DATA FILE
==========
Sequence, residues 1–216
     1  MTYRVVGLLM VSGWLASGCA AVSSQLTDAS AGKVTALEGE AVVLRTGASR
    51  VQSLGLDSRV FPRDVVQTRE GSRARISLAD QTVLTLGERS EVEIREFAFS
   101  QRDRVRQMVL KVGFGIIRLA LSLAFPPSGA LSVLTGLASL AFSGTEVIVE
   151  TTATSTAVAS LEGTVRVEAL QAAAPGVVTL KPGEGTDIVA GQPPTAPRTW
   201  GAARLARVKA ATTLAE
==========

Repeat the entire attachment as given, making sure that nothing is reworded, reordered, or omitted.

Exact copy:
Sequence, residues 1–216
     1  MTYRVVGLLM VSGWLASGCA AVSSQLTDAS AGKVTALEGE AVVLRTGASR
    51  VQSLGLDSRV FPRDVVQTRE GSRARISLAD QTVLTLGERS EVEIREFAFS
   101  QRDRVRQMVL KVGFGIIRLA LSLAFPPSGA LSVLTGLASL AFSGTEVIVE
   151  TTATSTAVAS LEGTVRVEAL QAAAPGVVTL KPGEGTDIVA GQPPTAPRTW
   201  GAARLARVKA ATTLAE